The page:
|Topic Review (Newest First)|
|10-05-2007 09:47 PM|
You really don't want to use aluminum turnbuckles on a sailboat. Aluminum, aside from the corrosion issues, has one other issue that makes it extremely unsuitable for sailboat rigging, which is dynamic in nature rather than static—fatigue. Aluminum will fatigue under the loading and unloading cycles as your boat tacks and gybes. Stainless steel has to be strained beyond a certain point before it starts to fatigue. The turnbuckles will fail without any warning once they pass the fatigue limits of the material they're made of.
You really need to get marine grade stainless steel or bronze turnbuckles.
|10-05-2007 08:01 PM|
Boats, Trains and Airplanes (etc) all have let's say a "unique" pricing structure. TB is right on - there are plenty of surplus marine equipment houses around-give it a whirl on Google and you'll be amazed.
Some of the pricing is acceptable and some is just plain ridiculous, liability or not.
What kind of boat did you end up getting?
|10-05-2007 07:52 PM|
Originally Posted by Finallybuyingaboat View Post
|10-05-2007 07:08 PM|
Hmm, hadn't realized the stresses on the side stays were that high. Would probably strip the threads right out of an aluminum turnbuckle in a hurry. Stainless it is then.
Not really a budget issue, but it seems so many items when purchased for "Marine" purposes have elevated prices when compared to standard duty products. In many cases this can be explained, in others....
|10-05-2007 05:37 PM|
GO with the Aluminum ones
Take a Video Camera and we all can watch you on You Tube. Title your next post
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I sail Therefore I ARRRRRrrrrrr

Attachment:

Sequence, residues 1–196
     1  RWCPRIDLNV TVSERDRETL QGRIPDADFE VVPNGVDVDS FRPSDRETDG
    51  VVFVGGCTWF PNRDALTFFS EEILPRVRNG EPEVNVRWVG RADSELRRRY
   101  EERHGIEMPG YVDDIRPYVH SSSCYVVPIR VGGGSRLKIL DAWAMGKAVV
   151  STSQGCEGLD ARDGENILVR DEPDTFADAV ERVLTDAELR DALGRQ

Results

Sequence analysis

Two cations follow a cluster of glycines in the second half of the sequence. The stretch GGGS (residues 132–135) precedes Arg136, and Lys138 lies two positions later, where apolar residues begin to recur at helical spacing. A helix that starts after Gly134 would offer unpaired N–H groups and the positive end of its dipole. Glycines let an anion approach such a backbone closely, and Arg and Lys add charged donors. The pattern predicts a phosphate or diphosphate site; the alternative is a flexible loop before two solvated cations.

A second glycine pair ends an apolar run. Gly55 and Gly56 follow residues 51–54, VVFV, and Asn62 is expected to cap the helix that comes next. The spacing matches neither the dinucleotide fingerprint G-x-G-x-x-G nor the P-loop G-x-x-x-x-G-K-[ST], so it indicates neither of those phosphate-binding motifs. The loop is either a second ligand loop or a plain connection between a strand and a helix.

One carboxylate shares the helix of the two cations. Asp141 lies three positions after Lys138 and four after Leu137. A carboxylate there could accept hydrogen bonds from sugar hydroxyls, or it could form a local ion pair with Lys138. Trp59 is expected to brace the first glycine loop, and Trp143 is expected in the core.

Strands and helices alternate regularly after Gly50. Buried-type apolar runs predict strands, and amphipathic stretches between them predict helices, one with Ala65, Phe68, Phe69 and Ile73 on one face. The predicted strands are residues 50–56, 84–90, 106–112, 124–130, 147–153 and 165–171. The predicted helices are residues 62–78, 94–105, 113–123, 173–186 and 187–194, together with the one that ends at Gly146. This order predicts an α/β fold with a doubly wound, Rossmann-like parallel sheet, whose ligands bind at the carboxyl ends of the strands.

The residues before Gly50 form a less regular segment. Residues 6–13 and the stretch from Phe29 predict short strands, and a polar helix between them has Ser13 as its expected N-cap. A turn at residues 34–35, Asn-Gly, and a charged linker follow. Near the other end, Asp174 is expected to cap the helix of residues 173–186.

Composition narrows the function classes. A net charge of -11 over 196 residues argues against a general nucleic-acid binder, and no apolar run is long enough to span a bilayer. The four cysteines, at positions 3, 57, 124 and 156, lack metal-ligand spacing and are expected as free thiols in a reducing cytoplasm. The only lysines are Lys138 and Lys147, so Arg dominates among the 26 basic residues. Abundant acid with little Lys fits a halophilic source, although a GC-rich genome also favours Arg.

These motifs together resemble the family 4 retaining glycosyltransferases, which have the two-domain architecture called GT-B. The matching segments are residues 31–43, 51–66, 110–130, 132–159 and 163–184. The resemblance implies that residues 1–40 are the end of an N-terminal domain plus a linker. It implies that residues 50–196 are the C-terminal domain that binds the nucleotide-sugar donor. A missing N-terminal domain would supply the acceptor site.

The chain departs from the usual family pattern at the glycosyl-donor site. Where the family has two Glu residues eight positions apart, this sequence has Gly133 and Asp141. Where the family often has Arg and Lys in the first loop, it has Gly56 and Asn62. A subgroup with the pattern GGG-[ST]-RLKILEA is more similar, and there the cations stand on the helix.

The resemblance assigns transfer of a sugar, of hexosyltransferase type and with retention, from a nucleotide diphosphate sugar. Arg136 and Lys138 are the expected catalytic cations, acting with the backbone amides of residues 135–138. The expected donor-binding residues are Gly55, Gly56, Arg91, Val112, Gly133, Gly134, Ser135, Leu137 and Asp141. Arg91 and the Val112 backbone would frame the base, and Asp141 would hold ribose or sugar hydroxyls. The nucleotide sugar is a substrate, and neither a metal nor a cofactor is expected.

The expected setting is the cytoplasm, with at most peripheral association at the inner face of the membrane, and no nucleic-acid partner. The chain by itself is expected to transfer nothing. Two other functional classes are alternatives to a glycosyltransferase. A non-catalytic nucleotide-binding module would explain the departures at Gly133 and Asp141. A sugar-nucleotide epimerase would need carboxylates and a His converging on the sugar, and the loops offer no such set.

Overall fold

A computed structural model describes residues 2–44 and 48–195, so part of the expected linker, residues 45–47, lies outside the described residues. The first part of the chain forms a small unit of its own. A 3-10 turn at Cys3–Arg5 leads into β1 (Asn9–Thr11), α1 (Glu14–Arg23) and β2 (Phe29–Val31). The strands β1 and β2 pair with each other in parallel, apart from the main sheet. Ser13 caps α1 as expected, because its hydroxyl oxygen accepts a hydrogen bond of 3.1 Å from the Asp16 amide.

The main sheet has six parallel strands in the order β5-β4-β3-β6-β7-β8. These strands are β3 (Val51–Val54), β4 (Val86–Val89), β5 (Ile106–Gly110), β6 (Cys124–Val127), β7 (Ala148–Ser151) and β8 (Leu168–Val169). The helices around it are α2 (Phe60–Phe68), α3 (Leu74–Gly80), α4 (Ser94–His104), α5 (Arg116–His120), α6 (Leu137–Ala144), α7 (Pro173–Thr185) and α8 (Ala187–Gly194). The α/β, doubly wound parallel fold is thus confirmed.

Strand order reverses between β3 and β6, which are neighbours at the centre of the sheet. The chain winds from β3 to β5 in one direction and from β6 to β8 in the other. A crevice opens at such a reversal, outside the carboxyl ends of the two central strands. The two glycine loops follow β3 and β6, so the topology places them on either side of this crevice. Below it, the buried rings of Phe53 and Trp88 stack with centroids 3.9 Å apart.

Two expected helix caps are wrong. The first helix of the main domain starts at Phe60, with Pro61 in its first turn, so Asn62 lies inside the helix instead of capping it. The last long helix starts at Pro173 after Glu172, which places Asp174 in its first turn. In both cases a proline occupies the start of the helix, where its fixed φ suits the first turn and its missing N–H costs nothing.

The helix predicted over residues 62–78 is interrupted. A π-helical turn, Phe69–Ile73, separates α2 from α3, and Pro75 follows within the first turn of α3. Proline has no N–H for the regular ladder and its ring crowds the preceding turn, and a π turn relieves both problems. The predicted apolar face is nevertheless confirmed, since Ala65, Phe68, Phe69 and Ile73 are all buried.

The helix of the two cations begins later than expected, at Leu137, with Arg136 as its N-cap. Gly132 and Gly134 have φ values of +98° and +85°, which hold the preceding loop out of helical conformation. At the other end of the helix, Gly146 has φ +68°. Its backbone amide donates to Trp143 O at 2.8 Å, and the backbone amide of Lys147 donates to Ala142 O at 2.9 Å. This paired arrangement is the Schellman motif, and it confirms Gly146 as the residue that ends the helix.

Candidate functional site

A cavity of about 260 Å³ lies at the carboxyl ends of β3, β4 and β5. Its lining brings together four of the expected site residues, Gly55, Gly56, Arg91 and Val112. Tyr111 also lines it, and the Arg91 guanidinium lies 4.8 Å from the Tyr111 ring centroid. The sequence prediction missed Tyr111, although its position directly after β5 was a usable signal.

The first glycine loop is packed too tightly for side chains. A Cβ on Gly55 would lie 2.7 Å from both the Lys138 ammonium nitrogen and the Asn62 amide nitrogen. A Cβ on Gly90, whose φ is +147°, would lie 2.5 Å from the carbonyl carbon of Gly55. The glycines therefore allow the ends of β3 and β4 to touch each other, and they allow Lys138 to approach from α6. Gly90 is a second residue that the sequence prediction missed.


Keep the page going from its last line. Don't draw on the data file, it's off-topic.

|10-05-2007 04:38 PM|
I agree that you should not compromise in this area. But if finances are that tight, get down to your local marine consignment store and pick up a set of stainless fittings at bargain prices.
Most coastal areas with a concentration of boating activities have one or two of these places. There are three or four within five miles in my area - bins and bins of used sailing hardware at each place - a sailing flea market.
|10-05-2007 04:37 PM|
Absolutely! The turnbuckle should match the strength of the rigging wire. 1/8" SS wire has a breaking strength of 2200 lbs and 5/32" wire is rated at 3300 lbs. How much does your boat weigh? When the boat is heeled way over in a blow the strain on the shrouds could conceivably be as much as the boat weighs! Of course this is distributed between the upper and lower shrouds, and there are other factors involved. But clearly 400 lbs is not nearly strong enough.
I am presupposing your boat is a small trailerable cruiser weighing 2000 - 4000 lbs. If it is a daysailer weighing much less you might be able to get by with the lower strength turnbuckle. Much will depend on how large the sail area is.
Also, what are the consequences if the turnbuckle breaks and the mast comes down? Would it be just an inconvenience or would it be a major disaster? Could anyone get hurt?
|10-05-2007 04:31 PM|
Fresh water sailing? Not so bad from a corrosion standpoint. I'm guessing you'll be using the turnbuckles for the stays? If that is so, gust loading could exceed the working value of the aluminum turnbuckle followed by disaster.
I got my 22' swing keel boat free but it is best to invest in the proper hardware from a safety standpoint (possible demasting situation) and with respect to the cost of replacing a broken mast.
Turnbuckles are one of the cheaper items when it comes to hardware.
I should read more carefully- you did say for the sidestays. Sorry.
|10-05-2007 04:29 PM|
|Idiens||Yes. Holding a mast up is hard work.|
|10-05-2007 04:23 PM|
Turnbuckles - Stainless versus Aluminum
Okay, $50 for marine grade turnbuckle versus $5 for aluminum at Home depot. Home depot one rated for 400lbs. How much better is that marine grade turnbuckle. (I am dealing with a $500 sailboat that is 23 feet long.) Will the side stays require more than a 400 lb durability ?